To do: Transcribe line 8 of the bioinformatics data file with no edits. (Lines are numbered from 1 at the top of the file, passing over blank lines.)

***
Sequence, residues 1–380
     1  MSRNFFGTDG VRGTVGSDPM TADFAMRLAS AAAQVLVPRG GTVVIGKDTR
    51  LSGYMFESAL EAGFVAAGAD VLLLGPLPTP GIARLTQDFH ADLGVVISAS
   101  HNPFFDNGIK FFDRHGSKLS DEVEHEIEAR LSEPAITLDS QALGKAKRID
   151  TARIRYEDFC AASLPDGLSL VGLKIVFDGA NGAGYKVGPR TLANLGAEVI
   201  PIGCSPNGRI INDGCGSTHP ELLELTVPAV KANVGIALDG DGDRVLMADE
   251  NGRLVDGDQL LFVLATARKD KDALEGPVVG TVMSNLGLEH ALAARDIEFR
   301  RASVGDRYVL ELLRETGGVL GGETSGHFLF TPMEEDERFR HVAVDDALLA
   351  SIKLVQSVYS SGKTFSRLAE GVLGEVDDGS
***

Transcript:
   301  RASVGDRYVL ELLRETGGVL GGETSGHFLF TPMEEDERFR HVAVDDALLA